And he never disappointed because apart from being culturally, creatively and strategically talented – with an obsessive focus on what life is really like for people, especially outside of London rather than the cliched, London bullshit a lot of marketing likes to portray – his greatest trait was he always wanted to learn.

Always.

Now don’t get me wrong, he wasn’t always the model student … he would push back, he would challenge, he would question … but what he doesn’t know is that was when I was the happiest working with him, because it meant he was believing his words rather than just following others.

And while we always have to be careful we don’t blindly think whatever we believe is the right answer, having confidence and conviction in your gut and your talent is an often underplayed, undervalued, under-encouraged skill in a strategist … which is why I was so happy to see when I left R/GA, Joel had a mug made with my face and my words on it.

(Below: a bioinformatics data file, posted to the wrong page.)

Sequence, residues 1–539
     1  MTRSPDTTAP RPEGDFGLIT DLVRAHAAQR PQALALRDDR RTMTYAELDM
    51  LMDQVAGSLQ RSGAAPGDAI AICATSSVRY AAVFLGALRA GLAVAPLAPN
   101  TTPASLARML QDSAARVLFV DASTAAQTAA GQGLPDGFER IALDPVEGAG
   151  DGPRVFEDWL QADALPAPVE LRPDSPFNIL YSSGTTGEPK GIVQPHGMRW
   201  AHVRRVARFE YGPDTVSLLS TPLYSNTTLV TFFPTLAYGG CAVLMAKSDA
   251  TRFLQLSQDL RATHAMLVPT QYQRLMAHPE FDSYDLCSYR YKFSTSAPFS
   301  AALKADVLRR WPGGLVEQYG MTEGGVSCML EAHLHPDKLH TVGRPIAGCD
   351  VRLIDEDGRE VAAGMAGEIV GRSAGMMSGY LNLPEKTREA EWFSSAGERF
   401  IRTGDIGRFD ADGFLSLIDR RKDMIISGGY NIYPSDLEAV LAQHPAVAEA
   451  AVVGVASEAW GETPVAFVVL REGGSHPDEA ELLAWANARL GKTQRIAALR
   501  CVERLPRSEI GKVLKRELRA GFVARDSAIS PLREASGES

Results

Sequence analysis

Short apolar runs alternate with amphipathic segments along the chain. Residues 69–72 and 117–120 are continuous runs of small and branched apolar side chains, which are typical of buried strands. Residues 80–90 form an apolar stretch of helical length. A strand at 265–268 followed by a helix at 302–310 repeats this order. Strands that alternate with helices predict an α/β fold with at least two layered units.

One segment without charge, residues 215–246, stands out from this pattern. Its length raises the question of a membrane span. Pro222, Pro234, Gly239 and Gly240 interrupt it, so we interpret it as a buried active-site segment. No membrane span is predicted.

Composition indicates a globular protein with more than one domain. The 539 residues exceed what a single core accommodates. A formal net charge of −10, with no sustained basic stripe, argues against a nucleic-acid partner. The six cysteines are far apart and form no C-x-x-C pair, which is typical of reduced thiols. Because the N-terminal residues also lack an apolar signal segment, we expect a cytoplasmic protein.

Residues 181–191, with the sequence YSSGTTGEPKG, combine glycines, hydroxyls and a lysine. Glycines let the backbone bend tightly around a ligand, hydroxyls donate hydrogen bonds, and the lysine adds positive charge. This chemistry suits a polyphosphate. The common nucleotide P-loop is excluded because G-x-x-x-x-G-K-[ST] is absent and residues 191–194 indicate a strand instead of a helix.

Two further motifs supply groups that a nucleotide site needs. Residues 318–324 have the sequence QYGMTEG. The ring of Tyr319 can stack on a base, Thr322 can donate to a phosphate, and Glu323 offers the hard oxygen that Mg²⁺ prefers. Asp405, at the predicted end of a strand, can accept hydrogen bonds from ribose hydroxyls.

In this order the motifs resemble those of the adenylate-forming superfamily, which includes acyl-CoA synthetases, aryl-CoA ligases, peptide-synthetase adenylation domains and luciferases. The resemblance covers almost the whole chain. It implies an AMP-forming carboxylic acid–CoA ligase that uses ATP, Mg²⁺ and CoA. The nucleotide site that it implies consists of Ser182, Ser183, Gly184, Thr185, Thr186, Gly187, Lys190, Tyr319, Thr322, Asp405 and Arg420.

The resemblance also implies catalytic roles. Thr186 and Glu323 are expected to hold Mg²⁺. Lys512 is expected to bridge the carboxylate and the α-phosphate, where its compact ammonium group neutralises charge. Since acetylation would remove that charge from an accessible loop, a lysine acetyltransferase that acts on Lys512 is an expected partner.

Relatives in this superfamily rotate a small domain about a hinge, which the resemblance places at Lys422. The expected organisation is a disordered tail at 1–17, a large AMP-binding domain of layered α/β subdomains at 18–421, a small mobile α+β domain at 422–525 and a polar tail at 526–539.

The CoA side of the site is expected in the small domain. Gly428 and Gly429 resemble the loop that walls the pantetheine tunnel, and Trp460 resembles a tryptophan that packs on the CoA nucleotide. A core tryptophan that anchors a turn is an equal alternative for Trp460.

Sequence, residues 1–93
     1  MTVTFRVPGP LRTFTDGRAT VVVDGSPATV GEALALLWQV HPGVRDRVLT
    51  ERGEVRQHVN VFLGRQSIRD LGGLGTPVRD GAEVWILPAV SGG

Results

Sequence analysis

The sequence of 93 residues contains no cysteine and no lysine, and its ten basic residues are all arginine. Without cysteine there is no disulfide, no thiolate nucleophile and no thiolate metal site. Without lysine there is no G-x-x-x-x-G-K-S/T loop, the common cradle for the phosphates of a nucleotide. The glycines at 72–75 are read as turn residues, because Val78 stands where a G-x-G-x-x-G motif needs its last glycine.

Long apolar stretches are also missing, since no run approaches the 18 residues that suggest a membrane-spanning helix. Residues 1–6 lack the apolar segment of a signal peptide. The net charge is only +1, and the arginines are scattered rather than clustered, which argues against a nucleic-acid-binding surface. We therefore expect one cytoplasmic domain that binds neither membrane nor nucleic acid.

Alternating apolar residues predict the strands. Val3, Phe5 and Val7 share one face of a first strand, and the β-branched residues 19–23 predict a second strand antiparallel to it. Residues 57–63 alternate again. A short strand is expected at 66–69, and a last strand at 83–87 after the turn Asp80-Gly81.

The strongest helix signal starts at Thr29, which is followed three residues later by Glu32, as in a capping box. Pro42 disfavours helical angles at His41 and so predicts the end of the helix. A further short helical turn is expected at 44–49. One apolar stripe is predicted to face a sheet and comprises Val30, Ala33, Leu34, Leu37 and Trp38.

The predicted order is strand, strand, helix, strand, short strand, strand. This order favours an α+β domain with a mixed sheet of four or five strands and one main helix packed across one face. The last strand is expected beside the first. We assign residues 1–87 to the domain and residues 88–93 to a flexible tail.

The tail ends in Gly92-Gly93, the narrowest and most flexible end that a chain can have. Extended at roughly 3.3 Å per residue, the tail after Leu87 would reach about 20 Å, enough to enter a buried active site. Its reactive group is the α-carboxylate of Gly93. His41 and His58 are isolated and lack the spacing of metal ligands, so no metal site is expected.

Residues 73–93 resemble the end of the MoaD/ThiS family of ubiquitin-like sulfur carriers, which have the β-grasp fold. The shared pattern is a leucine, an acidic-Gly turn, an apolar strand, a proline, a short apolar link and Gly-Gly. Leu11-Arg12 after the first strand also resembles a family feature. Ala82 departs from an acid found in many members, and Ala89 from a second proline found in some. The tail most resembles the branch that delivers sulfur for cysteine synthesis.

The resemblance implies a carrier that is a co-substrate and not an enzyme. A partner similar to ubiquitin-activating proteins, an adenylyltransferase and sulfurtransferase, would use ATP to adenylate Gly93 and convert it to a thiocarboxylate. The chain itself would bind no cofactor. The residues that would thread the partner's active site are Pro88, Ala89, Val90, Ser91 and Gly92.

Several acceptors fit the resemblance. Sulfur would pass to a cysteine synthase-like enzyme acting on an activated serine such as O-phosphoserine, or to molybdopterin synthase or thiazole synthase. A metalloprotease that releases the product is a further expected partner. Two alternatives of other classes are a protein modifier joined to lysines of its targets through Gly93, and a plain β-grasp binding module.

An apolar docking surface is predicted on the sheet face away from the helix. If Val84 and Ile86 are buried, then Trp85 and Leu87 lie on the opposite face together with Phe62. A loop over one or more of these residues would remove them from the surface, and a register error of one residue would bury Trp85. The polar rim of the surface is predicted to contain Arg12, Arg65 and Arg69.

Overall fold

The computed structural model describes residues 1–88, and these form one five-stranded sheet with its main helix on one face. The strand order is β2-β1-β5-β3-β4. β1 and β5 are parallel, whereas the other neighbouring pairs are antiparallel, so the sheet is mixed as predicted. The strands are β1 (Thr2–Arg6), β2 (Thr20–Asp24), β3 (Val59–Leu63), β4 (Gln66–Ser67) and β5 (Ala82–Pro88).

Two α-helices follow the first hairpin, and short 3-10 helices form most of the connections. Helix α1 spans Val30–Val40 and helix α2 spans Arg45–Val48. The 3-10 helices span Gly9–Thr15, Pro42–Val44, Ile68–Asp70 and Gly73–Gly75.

Not because he missed my ugly face and lack of vocabulary, but to remind him to trust his smarts, his instincts and his authenticity … but never to be a prick about it.

If I was proud of him before. I am even prouder of him now.



There’s Confidence, And There’s Drug Dealer Confidence …

One of the questions I’ve been asked more than any other is how do I tell clients what is wrong with their brand.

The first time this happened, I kept asking for clarification because I couldn’t work out what they were asking.

But over the years, it has become apparent that to some, offering clients honesty and transparency is seen as potential threat to the business rather than creating the foundation to answer what is needed.

For me, giving clients honesty and transparency is a demonstration of how much you want them to win.